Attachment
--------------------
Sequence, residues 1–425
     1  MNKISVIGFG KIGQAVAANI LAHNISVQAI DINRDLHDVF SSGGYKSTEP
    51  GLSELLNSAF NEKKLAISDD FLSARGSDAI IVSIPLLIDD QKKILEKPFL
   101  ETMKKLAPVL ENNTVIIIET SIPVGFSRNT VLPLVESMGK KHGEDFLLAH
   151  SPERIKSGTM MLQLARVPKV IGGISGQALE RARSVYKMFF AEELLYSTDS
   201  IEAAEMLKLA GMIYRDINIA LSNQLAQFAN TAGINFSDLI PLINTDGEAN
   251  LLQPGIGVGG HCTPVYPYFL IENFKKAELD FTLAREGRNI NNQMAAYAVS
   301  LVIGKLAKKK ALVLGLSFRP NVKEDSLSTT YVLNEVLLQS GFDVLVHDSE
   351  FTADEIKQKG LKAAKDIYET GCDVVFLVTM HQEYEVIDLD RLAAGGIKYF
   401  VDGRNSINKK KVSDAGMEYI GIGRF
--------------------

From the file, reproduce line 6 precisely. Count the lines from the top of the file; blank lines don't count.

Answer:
   201  IEAAEMLKLA GMIYRDINIA LSNQLAQFAN TAGINFSDLI PLINTDGEAN